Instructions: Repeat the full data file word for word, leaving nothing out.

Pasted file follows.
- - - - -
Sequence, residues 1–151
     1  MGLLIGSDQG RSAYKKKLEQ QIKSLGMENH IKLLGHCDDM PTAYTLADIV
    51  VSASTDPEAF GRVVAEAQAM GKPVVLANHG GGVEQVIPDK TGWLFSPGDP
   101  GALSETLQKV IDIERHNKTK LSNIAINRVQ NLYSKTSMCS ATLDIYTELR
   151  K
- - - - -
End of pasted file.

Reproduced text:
Sequence, residues 1–151
     1  MGLLIGSDQG RSAYKKKLEQ QIKSLGMENH IKLLGHCDDM PTAYTLADIV
    51  VSASTDPEAF GRVVAEAQAM GKPVVLANHG GGVEQVIPDK TGWLFSPGDP
   101  GALSETLQKV IDIERHNKTK LSNIAINRVQ NLYSKTSMCS ATLDIYTELR
   151  K